Will an increase in adult interaction avoid a “plateauing” of autumn born children’s progress and attainment in reception?

By Fameeda Patel

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I carried out a study over the past year in order to find out about the level of adult interaction and its effect on pupil achievement. I wanted to find out whether more targeted adult intervention would support Autumn born children in their learning and progress.

The reason the focus was on Autumn born children is because over the previous year I noticed their level of progress had “plateaued” from the start of spring term onward. Now there are a number of reasons for this some of them being perhaps teachers and practitioners have an ‘expectation’ of Autumn born and let them ‘get on with it’, other reasons could be the level of home support the children have and their home life. For this project I focused on the teachers and practitioners, ensuring Autumn born children were exposed to just as much as support and interaction as summer born children.


Context of the school

This School opened in 2013 following the amalgamation of a former infant and junior school. It was awarded National Teaching School status in April 2014 and works with other local schools as part of the Gants Hill Partnership Teaching Alliance. The school is much larger than the average primary school, with three classes in each year group. Pupils from minority ethnic groups make up nearly the whole school roll. The majority of these pupils are from Indian, Pakistani, Bangladeshi and other Asian heritages. The vast majority of pupils speak English as an additional language.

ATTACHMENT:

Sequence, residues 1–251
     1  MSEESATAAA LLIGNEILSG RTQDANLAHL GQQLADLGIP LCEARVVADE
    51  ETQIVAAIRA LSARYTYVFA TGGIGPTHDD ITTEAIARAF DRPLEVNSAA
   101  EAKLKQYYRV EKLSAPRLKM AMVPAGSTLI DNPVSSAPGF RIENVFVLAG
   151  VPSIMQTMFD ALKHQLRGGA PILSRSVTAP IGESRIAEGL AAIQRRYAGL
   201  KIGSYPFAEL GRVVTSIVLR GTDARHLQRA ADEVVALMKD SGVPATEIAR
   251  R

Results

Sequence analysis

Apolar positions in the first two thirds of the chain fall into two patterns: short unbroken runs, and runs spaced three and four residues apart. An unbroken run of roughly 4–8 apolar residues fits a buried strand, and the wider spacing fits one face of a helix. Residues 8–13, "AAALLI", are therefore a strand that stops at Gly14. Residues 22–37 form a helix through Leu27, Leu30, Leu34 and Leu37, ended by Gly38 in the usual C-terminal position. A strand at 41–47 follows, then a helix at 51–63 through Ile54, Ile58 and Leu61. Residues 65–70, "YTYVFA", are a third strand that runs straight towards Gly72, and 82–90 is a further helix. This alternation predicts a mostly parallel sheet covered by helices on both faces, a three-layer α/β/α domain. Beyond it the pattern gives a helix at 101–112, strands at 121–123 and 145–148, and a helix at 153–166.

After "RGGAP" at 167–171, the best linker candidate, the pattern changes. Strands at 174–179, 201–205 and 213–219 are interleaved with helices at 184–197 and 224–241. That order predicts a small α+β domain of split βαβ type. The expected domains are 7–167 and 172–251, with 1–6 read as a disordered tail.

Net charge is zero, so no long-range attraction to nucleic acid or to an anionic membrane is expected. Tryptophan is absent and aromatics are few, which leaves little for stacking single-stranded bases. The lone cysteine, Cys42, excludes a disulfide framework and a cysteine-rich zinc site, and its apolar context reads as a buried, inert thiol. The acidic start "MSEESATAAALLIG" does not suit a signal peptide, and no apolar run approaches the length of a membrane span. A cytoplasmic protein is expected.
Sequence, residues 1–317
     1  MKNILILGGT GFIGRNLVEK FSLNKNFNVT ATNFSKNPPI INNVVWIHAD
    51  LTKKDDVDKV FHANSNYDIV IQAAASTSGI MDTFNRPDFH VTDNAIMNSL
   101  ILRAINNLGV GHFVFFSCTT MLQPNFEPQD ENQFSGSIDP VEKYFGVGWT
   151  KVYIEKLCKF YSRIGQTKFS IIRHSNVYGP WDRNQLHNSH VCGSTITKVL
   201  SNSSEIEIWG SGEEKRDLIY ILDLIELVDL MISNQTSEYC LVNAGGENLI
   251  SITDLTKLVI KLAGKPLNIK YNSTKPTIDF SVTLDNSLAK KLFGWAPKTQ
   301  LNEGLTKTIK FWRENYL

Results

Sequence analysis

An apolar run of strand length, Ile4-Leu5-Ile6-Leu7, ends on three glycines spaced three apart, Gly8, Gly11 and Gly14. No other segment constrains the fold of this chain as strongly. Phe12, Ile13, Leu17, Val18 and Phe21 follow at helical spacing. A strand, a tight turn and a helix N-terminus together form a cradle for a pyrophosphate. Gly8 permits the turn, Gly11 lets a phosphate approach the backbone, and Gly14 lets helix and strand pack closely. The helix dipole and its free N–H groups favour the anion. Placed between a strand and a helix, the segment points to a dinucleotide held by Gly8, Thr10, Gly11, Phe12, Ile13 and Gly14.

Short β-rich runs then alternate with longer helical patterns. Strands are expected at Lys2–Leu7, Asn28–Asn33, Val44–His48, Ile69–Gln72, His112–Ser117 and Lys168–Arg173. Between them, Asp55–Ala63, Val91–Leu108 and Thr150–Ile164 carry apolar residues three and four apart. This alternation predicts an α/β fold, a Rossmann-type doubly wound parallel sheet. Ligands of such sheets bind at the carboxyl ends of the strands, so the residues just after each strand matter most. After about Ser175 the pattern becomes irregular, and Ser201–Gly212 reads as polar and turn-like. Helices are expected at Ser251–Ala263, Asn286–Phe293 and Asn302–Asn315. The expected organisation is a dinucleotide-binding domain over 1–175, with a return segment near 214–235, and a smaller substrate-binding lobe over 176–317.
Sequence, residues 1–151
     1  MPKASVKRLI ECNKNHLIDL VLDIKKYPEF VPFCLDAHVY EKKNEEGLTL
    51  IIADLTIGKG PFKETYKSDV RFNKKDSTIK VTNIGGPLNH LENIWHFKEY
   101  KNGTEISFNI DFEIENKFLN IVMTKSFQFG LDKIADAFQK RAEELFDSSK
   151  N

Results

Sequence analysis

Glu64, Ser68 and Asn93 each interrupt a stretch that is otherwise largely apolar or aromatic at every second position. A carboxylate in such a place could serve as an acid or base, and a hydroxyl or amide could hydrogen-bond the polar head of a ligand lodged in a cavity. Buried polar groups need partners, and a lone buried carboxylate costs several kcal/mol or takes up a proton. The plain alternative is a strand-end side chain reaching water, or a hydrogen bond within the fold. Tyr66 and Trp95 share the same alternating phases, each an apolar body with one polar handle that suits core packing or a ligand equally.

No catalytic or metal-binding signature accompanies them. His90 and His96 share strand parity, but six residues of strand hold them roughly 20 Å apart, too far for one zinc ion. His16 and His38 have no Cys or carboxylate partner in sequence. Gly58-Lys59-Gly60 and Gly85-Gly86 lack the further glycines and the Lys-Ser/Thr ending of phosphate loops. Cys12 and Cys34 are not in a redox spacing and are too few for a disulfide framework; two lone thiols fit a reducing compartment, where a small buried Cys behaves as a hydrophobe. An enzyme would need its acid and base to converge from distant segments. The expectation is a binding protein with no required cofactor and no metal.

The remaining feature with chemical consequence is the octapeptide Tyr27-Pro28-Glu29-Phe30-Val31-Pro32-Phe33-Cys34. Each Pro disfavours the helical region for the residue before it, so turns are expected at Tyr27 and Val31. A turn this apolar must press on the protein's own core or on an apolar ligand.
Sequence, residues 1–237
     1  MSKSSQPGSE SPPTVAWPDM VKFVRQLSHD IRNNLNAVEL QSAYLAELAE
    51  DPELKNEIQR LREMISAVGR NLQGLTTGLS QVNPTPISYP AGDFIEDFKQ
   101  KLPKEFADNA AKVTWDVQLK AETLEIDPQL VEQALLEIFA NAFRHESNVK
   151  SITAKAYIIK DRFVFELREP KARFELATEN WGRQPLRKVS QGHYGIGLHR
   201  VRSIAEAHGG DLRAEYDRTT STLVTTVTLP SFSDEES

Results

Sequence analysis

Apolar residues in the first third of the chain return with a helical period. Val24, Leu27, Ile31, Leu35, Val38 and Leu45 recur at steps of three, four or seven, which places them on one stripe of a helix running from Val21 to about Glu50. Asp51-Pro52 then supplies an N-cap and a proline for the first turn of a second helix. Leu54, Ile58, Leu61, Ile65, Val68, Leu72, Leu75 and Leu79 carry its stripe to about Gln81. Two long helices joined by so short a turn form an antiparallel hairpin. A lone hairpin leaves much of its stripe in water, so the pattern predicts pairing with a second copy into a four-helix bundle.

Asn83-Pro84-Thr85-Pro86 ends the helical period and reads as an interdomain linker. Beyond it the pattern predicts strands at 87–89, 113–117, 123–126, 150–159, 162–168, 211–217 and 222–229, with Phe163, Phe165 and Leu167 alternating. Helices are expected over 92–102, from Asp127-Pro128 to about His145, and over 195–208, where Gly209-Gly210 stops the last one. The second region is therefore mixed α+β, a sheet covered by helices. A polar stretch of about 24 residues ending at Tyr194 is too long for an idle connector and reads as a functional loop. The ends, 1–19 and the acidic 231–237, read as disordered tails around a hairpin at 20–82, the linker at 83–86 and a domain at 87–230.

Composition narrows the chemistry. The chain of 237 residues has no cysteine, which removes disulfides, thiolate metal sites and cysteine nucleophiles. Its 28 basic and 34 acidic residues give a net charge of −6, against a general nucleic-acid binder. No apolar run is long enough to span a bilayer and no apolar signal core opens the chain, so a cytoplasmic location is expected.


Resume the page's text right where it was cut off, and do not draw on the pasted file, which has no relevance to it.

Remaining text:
Ethnographic Research

“Ethnography literally means ‘a portrait of a people’. Ethnography is a written description of a particular culture – the customs, beliefs, and behavior – based on information collected through fieldwork.” –Marvin Harris and Orna Johnson, 2000.

Ethnography is a qualitative research method often used in social sciences, particularly in anthropology and in sociology. It is often employed for gathering empirical data on human societies/cultures. Data collection is often done through participant observation in which the researcher becomes a part of the community on which research has to be done. Data can also be collected through interviews, questionnaires, etc. Ethnography aims to describe the nature of those who are studied (i.e. to describe a people, an ethnos) through writing. It can also be called a “case report”. Ethnography can be widely used in education. It helps in addressing the educational problems of a particular groups. The researcher has to become a part of the particular group in order to conduct ethnographic study where the focus is to get familiar with group’s culture and then sense the underlying problems.

Action Research

Action research is a disciplined process of inquiry conducted by and for those taking the action. The primary reason for engaging in action research is to assist the “actor” in improving and/or refining his or her actions.

Action research is any sort of systematic inquiry conducted by those with a direct, vested interest in the teaching and learning process in a particular setting; it is truly systematic inquiry into one’s own practice. It can be described as a process that ‘allows teachers to study their own classrooms… in order to better understand them and to be able to improve their quality or effectiveness’ (Mertler, 2012b, p. 4). Action research provides a structured process for customizing research findings, enabling educators to address specific questions, concerns, or problems within their own classrooms, schools, or districts. The best way to know if something will work with your students or in your classroom is to try it out, collect and analyse data to assess its effectiveness, and then make a decision about your next steps based on your direct experience.

A review of research which informed this study

Using the notion of ‘scaffolding’ and working within a child’s Zone of Proximal Development, this study is about the structured adult intervention that increases the effectiveness of learning and leads to an enhanced development of communication and language.I believe that high quality interaction with children sure does develop their progress and attainment. My view is supported by Priscilla Clarke (2015) who states that it is the quality and timing of teacher interaction that has the potential to make a real difference for all children.